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Nelson v. Stevens

United States District Court, W.D. Wisconsin

December 19, 2019

ANTOINE C. NELSON, Plaintiff,
v.
CAPT. CHRISTOPHER STEVENS, et al., Defendants.

          OPINION AND ORDER

          William M. Conley District Judge.

         Pro se plaintiff Antoine Nelson, a prisoner at the Green Bay Correctional Institution (“GBCI”), was granted leave to proceed in this lawsuit pursuant to 42 U.S.C. § 1983 on First, Fourteenth and Eighth Amendment claims against defendants. The defendants have moved for partial summary judgment on the ground that Nelson failed to exhaust his administrative remedies with respect to three of his claims: (1) a First Amendment retaliation claim against defendant Christopher Stevens related to Stevens' allegedly falsely accusing Nelson of putting a hit on people to get him placed in administrative confinement; (2) a First Amendment claim against defendants Stevens and Heil for monitoring a phone call between Nelson and his attorney; and (3) a Fourteenth Amendment due process claim that defendants Schueler, Kind, Weisgerber, Clements and Schwochert ignored Nelson's letters complaining about a lack of due process at his disciplinary hearing. For the following reasons, the court is granting in part and denying in part defendants' motion.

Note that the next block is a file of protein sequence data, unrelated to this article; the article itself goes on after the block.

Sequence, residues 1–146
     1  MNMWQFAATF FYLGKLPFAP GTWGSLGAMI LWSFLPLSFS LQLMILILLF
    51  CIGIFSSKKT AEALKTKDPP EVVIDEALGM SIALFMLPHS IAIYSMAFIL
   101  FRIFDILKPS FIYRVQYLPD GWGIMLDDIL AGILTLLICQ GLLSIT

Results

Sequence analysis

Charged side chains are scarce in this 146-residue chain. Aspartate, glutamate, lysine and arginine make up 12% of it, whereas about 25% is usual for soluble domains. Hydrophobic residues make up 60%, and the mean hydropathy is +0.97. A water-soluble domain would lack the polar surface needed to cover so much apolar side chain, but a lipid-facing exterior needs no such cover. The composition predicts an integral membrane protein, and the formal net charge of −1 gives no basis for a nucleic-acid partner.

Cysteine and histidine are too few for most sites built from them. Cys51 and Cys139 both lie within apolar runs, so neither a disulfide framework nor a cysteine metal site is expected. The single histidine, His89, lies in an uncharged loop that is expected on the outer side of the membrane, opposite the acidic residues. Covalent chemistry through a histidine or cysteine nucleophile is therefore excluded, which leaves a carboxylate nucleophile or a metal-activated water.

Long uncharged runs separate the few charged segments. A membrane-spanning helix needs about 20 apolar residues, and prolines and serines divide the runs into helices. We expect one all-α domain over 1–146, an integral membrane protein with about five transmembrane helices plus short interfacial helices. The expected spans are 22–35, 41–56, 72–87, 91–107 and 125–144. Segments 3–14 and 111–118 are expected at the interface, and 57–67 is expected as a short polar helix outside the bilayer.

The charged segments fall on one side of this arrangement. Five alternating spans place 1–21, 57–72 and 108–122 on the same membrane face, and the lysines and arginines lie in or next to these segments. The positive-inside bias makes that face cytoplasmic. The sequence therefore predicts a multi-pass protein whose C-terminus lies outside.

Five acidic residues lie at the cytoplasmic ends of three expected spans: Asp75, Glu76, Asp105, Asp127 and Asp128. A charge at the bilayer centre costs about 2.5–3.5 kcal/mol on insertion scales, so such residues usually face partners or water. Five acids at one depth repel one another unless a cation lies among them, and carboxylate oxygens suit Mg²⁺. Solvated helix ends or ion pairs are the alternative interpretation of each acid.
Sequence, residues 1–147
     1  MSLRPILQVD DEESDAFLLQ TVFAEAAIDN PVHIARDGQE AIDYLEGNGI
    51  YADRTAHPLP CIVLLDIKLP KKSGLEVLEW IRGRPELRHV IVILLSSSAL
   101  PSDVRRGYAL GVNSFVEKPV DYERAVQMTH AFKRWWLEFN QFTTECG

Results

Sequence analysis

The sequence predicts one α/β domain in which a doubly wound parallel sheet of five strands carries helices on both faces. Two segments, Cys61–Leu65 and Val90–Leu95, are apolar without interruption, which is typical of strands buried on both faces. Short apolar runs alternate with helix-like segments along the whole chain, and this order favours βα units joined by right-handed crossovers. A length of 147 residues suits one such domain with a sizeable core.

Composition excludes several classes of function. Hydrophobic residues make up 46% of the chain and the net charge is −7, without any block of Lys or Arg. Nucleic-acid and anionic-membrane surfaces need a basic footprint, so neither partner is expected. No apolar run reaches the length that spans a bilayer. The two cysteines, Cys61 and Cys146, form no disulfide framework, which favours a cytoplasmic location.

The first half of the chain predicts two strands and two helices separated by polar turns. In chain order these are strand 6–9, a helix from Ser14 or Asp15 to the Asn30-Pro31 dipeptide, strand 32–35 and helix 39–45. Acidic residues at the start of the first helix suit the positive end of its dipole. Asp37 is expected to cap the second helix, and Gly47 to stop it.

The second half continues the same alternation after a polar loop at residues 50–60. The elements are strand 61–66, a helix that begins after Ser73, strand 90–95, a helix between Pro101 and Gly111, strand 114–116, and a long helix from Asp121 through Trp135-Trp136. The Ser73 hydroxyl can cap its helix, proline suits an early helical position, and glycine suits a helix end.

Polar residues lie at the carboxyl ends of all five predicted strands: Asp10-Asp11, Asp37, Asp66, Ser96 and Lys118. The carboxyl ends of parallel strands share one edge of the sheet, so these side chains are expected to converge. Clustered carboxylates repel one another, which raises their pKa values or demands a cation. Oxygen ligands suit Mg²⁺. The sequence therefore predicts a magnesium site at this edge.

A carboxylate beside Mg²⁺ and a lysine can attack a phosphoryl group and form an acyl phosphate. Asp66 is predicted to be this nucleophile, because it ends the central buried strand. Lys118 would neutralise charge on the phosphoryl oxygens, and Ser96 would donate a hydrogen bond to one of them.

OPINION

         Under 42 U.S.C. § 1997e(a), “[n]o action shall be brought with respect to prison conditions under section 1983 of this title, or any other Federal law, by a prisoner confined in any jail, prison, or other correctional facility until such administrative remedies as are available are exhausted.” Generally, to comply with § 1997e(a), a prisoner must also “properly take each step within the administrative process” that are “in the place . . . at the time, [as] the [institution's] administrative rules require, ” Pozo v. McCaughtry, 286 F.3d 1022, 1025 (7th Cir. 2002), including (1) compliance with instructions for filing the initial grievance, Cannon v. Washington, 418 F.3d 714, 718 (7th Cir. 2005), and (2) filing all necessary appeals, Burrell v. Powers, 431 F.3d 282, 284-85 (7th Cir. 2005).